Sunday, May 17, 2015

Little Murders

 
Spoilers!

Jules Feiffer's play Little Murders had a notoriously brief run on Broadway in the 1960s, but unsurprisingly found a life off-Broadway, a more appropriate setting for such an unremittingly black comedy. The film adaptation followed in 1971, with Feiffer's script and direction by Alan Arkin, and it remains an apt time capsule for life in NYC in the days of Vietnam and the counter to the counterculture.  The fallout from the 1960s. LITTLE MURDERS in fact may be the best depiction of early 70s urban paranoia I've seen.  I imagine many viewers could not be blamed for "suburban flight" after seeing this picture.

And what better way to deal with the nightmarish atmosphere than with dark humor? Just like real New Yorkers did/do! Interior designer Patsy Newquist (Marcia Rodd) is an aggressive, single woman who deals with obscene phone calls, street noise, purple air on Lexington Avenue, and Lord knows what other urban horrors seemingly every waking hour. She smiles through her lonely existence with tennis games and ski trips. One day she comes to the rescue of a hapless man named Alfred (Elliott Gould) who is being mugged by a group of punks. But what a jerk! He doesn't even thank her! To add insult (and fuel to her already damaged opinion of the opposite sex), he explains that he doesn't even mind getting attacked, as the thugs will eventually get tired anyway. Why fight it? Alfred is a self described "apathist."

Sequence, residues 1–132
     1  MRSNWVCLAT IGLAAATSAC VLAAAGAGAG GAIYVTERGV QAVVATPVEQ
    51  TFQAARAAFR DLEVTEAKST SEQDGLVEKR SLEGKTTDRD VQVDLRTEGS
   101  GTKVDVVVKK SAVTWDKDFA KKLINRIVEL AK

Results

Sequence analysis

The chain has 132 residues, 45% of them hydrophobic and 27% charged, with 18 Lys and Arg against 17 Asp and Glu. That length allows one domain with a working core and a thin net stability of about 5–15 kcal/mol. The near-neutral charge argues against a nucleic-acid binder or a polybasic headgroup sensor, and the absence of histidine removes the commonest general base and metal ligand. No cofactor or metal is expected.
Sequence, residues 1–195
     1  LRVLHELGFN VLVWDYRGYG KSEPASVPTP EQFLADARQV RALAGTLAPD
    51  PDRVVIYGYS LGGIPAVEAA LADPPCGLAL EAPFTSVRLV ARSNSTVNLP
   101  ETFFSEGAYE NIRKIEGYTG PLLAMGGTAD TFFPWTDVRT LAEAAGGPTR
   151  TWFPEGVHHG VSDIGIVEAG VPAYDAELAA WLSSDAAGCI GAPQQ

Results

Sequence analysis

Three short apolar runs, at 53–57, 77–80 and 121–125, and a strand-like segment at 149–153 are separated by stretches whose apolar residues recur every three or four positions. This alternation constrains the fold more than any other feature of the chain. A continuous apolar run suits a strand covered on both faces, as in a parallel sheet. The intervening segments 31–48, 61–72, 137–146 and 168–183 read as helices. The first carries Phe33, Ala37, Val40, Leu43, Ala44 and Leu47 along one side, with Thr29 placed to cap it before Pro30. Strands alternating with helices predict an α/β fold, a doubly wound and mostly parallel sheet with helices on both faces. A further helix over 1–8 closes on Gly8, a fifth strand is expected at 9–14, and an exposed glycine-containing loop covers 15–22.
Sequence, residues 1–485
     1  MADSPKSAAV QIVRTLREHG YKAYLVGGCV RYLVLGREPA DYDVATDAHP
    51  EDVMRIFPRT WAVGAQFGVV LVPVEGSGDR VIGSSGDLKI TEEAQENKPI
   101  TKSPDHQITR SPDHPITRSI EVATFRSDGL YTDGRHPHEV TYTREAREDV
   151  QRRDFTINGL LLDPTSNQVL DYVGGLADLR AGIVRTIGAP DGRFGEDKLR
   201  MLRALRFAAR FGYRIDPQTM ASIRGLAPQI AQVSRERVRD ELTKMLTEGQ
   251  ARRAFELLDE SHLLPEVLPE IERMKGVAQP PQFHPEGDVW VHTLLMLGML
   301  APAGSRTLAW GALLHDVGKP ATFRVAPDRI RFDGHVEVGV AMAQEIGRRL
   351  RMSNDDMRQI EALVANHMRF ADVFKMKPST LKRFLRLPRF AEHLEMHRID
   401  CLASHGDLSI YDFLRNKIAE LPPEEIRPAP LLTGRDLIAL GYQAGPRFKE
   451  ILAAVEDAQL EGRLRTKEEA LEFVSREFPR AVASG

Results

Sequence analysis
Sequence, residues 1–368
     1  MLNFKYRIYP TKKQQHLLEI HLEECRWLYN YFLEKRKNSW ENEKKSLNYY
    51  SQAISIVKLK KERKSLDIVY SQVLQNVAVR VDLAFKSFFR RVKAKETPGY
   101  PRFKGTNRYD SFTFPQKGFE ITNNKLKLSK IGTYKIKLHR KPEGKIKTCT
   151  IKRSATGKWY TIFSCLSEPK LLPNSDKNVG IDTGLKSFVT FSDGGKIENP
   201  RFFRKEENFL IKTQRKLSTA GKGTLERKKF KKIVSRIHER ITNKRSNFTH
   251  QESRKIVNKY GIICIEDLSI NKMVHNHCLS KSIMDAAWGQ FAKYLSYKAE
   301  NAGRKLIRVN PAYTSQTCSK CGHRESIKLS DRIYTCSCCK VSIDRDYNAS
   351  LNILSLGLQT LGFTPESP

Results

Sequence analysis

When asked what he likes to do, Alfred replies  "Take pictures and sleep."  "What about sex?" Patsy wonders. "I like sex, it helps me sleep."  Alfred is in fact a photographer, quite good, though reduced to shooting pictures of dog excrement for a magazine. As with many introverts, his photos are of things, not people. When Patsy sees the gallery on his wall, she's impressed.  Despite his passivity, she falls for him.  Strangely, she's attracted to his virtual silence and withdrawal when she brings him home to meet her family. But she will be determined to mold him into the sort of fella who hits back. This includes encouraging him to visit the parents he hasn't seen in many years in an effort to understand why he is the way he is.

I could say more about the events in LITTLE MURDERS, how a truly unexpected moment during the second hour not only hammers Feiffer's points but also elicits a huge gasp. A moment that points the way toward the grimly funny climax, a devastating punchline. The ultimate statement on survival in the urban jungle. Boldly stated, but not overstated.

But throughout the film, beautifully shot by Gordon Willis, the plight of the 20th century urbanite is portrayed in a similarly trenchant vein, often riotously funny (as you cringe). The constant "brownouts",  Alfred earning nary a second glance while riding the subway, despite being covered in blood, Patsy's manic, juvenile brother, Donald Sutherland's cameo as the atheist who marries our couple. His vows have become some sort of classic, as have the speeches of Lou Jacobi as a reluctant judge and Arkin himself as a stressed out detective. John Randolph and Doris Roberts are also effective as Alfred's cold parents, unable to answer his questions except with memorized passages from psychiatric journals.

LITTLE MURDERS is heavy stuff, not light viewing, but possibly the prototype for all the dark comedies to follow.  Arkin maintains a perfect pace and ably shifts tone when necessary.  It's a high wire act that doesn't always make it but any film that tries to juggle societal pressures, immigration, self defense, privacy, surveillance, gun control, law enforcement, and the primal alpha male within even the meekest is worth at least respect.  And it is devastating funny.

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